Defendants have now indicated their intent at trial to introduce Dr. Ciccone's expert testimony and plaintiff's mental health records to establish that plaintiff suffers from a chronic, persistent mental condition, called Anti-Social Personality Disorder, which they claim existed in the past at the times relevant to Hodges' claims, and is present today. Defendants assert that plaintiff's condition is likely to cause him to mislead the jury about the events giving rise to his Complaint. According to the defendants, testimony by an expert will assist the jury in assessing the effect of plaintiff's mental condition on his ability to perceive and accurately remember the events in question, and in evaluating whether defendants behaved in a retaliatory fashion as Hodges claims.

 Dr. Ciccone examined plaintiff for about five hours. He also reviewed over 600 pages of prison mental health records which detailed plaintiff's psychiatric hospitalization and treatment from approximately 1976 to 1982. Based on his examination of plaintiff and review of the records, Dr. Ciccone found plaintiff to meet the criteria for the diagnoses of Polysubstance Abuse and Antisocial Personality Disorder. (Toran Aff. Ex. G). Dr. Ciccone, however, found insufficient evidence of psychiatric trauma to plaintiff from his alleged mistreatment while in prison. While Dr. Ciccone stated that he is "unable to provide an opinion whether Mr. Hodges will be truthful while testifying," he noted that "[plaintiff's] record indicates that he has lied about himself and fabricated psychiatric symptoms." Id.

 The records which Dr. Ciccone reviewed and which defendants seek to introduce at trial are comprised of reports issued by at least two dozen mental health professionals, including psychiatrists, psychiatric social workers, psychologists, nurses and parole officers. See generally Defendants' Memorandum of Law in Anticipation of Plaintiff's Motion In Limine at 3-14 [hereinafter Defs.' Mem.]. Not all of the reports were issued for the purpose of treating plaintiff. Some were issued to the Parole Board for the purpose of evaluating plaintiff for release. The reports, spanning approximately the period from 1975 to 1987, the year when the events giving rise to Hodges' Complaints began to occur, embrace many different diagnoses. They include "anti-social personality with malingering features," "schizophrenia, paranoid type," (Defs.' Mem. at 5), "sociopathic personality disturbance, dyssocial type," (Defs.' Mem. at 6), and "skillful manipulator who has learned to manipulate the ins and outs of the mental health system to get away from the pressures and demands of the correctional system" (Defs.' Mem. at 10).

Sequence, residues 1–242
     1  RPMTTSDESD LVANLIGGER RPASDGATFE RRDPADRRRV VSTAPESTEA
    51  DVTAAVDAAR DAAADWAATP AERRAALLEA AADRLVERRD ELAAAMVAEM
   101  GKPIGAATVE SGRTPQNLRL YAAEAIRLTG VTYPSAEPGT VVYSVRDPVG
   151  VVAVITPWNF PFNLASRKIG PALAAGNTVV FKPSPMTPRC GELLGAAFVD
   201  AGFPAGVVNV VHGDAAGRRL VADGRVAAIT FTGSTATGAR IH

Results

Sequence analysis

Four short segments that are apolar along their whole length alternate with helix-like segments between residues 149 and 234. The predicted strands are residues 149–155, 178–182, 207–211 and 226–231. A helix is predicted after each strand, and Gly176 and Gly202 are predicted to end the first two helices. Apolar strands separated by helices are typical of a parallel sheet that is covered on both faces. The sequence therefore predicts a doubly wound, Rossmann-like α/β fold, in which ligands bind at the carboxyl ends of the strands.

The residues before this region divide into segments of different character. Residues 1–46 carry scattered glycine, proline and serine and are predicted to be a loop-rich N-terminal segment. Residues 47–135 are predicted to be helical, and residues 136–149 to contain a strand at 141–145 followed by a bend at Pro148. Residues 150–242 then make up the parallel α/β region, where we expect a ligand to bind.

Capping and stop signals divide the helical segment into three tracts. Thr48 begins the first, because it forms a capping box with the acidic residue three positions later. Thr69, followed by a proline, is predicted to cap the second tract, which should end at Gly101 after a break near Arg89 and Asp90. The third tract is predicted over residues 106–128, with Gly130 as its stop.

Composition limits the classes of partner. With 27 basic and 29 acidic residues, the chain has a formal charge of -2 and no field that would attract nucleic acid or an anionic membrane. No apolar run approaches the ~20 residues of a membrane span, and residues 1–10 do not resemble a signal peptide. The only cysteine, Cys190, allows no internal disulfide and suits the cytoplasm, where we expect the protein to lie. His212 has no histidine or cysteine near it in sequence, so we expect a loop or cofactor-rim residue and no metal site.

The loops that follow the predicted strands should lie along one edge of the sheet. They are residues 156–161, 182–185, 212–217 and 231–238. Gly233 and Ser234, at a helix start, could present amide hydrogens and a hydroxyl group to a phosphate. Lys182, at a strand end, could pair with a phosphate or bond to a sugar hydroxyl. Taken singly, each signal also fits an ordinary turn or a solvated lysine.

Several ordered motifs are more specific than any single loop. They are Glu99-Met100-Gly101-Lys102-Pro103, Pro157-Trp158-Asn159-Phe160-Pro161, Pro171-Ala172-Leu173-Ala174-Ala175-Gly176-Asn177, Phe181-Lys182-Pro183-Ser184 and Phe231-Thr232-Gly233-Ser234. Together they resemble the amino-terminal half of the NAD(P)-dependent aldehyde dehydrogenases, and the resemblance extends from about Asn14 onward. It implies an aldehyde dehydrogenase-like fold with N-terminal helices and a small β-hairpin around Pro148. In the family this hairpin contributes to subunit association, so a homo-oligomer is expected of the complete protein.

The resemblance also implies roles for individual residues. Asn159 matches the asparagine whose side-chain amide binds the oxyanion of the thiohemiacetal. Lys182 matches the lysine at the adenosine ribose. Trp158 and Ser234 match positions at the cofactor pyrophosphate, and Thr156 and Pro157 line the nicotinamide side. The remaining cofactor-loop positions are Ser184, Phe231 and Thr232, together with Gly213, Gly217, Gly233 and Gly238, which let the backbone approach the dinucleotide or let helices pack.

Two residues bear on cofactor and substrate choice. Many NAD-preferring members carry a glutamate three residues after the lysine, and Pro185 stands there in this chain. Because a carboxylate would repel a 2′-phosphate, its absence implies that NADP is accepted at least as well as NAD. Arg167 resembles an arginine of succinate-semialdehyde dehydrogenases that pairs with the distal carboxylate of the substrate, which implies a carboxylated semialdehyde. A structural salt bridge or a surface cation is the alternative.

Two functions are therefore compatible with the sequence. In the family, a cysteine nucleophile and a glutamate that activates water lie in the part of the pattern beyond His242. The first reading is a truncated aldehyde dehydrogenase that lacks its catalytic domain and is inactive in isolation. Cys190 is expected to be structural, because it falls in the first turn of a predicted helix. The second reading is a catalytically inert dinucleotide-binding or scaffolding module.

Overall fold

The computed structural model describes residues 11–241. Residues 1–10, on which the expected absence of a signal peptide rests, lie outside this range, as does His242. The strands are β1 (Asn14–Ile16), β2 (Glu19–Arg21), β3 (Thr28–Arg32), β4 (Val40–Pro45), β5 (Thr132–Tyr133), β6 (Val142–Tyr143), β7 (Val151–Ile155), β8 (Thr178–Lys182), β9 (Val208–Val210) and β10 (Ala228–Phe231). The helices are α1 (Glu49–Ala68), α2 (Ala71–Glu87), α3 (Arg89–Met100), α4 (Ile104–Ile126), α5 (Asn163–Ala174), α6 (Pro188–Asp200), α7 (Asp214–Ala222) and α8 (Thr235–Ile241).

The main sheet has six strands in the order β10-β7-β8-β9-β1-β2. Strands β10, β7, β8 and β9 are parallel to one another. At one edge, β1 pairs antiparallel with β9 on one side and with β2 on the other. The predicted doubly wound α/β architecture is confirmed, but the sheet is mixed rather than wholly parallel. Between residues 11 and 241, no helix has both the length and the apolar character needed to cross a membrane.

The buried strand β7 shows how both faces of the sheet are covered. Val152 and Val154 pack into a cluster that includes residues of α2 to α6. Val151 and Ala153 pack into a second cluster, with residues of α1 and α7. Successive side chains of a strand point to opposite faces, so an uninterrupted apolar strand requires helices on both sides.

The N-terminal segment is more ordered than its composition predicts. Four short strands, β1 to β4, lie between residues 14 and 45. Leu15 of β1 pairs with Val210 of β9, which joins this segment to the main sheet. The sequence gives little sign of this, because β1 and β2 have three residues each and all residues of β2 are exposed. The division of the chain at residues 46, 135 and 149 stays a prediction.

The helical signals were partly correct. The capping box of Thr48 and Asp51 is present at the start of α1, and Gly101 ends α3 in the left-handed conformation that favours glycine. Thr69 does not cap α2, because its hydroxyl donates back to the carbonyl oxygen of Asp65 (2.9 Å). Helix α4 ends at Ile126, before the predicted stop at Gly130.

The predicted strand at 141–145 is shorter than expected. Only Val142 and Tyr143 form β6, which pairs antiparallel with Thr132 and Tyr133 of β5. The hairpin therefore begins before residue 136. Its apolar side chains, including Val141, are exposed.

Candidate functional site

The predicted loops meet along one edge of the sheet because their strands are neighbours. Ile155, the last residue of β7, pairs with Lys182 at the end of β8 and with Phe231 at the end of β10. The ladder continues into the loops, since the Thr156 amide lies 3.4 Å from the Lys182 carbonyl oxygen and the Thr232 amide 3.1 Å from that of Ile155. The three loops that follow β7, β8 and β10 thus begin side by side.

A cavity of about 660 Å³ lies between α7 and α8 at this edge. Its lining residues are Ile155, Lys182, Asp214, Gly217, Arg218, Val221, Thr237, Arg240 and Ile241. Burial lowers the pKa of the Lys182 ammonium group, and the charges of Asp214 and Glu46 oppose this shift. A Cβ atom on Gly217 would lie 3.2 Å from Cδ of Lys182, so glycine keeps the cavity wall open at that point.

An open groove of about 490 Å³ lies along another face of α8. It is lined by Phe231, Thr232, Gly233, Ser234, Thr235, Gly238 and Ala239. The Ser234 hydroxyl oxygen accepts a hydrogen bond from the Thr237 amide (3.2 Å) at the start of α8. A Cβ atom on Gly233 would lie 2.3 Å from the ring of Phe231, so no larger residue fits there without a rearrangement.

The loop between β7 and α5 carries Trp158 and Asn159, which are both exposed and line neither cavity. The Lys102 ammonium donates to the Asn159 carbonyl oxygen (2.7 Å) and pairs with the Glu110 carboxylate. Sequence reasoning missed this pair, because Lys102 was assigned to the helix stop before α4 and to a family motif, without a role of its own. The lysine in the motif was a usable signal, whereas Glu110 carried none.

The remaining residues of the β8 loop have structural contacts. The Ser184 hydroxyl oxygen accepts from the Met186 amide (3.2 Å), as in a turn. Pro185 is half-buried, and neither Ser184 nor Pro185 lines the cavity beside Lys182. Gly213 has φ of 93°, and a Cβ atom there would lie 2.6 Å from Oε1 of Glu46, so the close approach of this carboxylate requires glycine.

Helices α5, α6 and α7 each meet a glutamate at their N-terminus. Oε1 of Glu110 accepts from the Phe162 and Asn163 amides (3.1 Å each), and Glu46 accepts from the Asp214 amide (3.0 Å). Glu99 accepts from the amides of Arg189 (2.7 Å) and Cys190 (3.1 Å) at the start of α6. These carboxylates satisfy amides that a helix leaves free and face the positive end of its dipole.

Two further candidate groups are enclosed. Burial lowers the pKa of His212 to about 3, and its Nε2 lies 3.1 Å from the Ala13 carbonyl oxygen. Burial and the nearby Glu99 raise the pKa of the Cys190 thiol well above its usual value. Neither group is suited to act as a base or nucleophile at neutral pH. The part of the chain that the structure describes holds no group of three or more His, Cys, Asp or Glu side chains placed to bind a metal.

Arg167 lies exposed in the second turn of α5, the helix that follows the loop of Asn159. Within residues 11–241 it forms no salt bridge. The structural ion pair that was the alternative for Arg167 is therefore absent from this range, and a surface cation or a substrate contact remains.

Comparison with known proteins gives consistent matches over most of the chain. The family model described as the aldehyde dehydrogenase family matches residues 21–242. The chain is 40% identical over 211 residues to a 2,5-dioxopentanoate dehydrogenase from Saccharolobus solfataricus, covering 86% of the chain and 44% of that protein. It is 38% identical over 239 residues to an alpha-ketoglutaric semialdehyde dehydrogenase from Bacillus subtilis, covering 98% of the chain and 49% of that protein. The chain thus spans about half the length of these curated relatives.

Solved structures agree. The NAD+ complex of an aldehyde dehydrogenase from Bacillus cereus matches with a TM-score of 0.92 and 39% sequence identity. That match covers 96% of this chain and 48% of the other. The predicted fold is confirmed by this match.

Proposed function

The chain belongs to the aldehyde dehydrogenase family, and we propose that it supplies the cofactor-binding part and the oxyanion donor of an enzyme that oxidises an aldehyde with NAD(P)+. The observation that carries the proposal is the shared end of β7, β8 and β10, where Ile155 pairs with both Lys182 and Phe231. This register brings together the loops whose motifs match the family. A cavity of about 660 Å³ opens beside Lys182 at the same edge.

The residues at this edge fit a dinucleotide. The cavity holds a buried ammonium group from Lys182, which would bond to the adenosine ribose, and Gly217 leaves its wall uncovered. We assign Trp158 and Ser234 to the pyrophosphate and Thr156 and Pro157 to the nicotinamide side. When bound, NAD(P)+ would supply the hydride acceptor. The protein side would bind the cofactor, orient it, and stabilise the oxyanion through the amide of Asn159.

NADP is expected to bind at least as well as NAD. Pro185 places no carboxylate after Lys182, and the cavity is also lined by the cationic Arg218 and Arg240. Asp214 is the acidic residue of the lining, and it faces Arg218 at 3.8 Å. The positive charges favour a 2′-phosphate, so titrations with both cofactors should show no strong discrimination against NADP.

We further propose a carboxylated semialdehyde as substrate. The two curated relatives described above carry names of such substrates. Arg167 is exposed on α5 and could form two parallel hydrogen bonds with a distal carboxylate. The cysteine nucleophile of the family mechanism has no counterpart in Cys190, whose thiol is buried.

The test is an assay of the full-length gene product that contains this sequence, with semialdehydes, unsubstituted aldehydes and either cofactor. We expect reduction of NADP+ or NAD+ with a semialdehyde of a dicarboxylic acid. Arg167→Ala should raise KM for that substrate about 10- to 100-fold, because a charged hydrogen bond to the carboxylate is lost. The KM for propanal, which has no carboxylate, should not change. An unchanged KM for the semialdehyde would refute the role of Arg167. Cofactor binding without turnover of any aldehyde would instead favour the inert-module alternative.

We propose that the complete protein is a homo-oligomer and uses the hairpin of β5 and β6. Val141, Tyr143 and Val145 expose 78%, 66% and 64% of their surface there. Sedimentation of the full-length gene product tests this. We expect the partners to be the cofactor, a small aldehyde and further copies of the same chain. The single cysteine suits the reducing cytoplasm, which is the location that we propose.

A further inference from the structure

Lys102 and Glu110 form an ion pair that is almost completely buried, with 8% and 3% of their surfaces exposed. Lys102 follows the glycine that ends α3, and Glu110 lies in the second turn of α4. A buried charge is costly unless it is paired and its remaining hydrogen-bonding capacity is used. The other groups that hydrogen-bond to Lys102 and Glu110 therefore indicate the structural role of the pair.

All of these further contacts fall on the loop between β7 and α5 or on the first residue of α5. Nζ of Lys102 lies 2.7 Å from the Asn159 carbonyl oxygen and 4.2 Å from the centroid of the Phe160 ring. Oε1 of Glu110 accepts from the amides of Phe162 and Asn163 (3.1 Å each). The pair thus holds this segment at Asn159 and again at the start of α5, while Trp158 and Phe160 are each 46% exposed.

The last time plaintiff was diagnosed, however, as having paranoid delusions was in early 1982 when plaintiff was briefly readmitted to Central New York Psychiatric Center ("CNYPC"). At CNYPC, a psychiatrist observed plaintiff "as openly hostile, negativistic and responding to paranoid delusions." (Defs.' Mem. at 10-11). Staff at CNYPC, however, also noted that "plaintiff presented no problem and that he was an extremely manipulative individual who used his psychotic behavior at the correctional facility to be sent to CNYPC." (Defs.' Mem. at 11). Subsequent to plaintiff's release from CNYPC in February 1982, a report rendered by the Mental Health Bureau of Forensic Services in October 1982 indicated that plaintiff's paranoid schizophrenia was in remission (Defs.' Mem. at 12). A 1986 report by the Unit Coordinator in Mental Hygiene commented that plaintiff had not shown any symptoms of major mental illness since 1978. (Defs.' Mem. at 14).

 Plaintiff makes this motion in limine to exclude from evidence his psychiatric records and Or. Ciccone's testimony. ...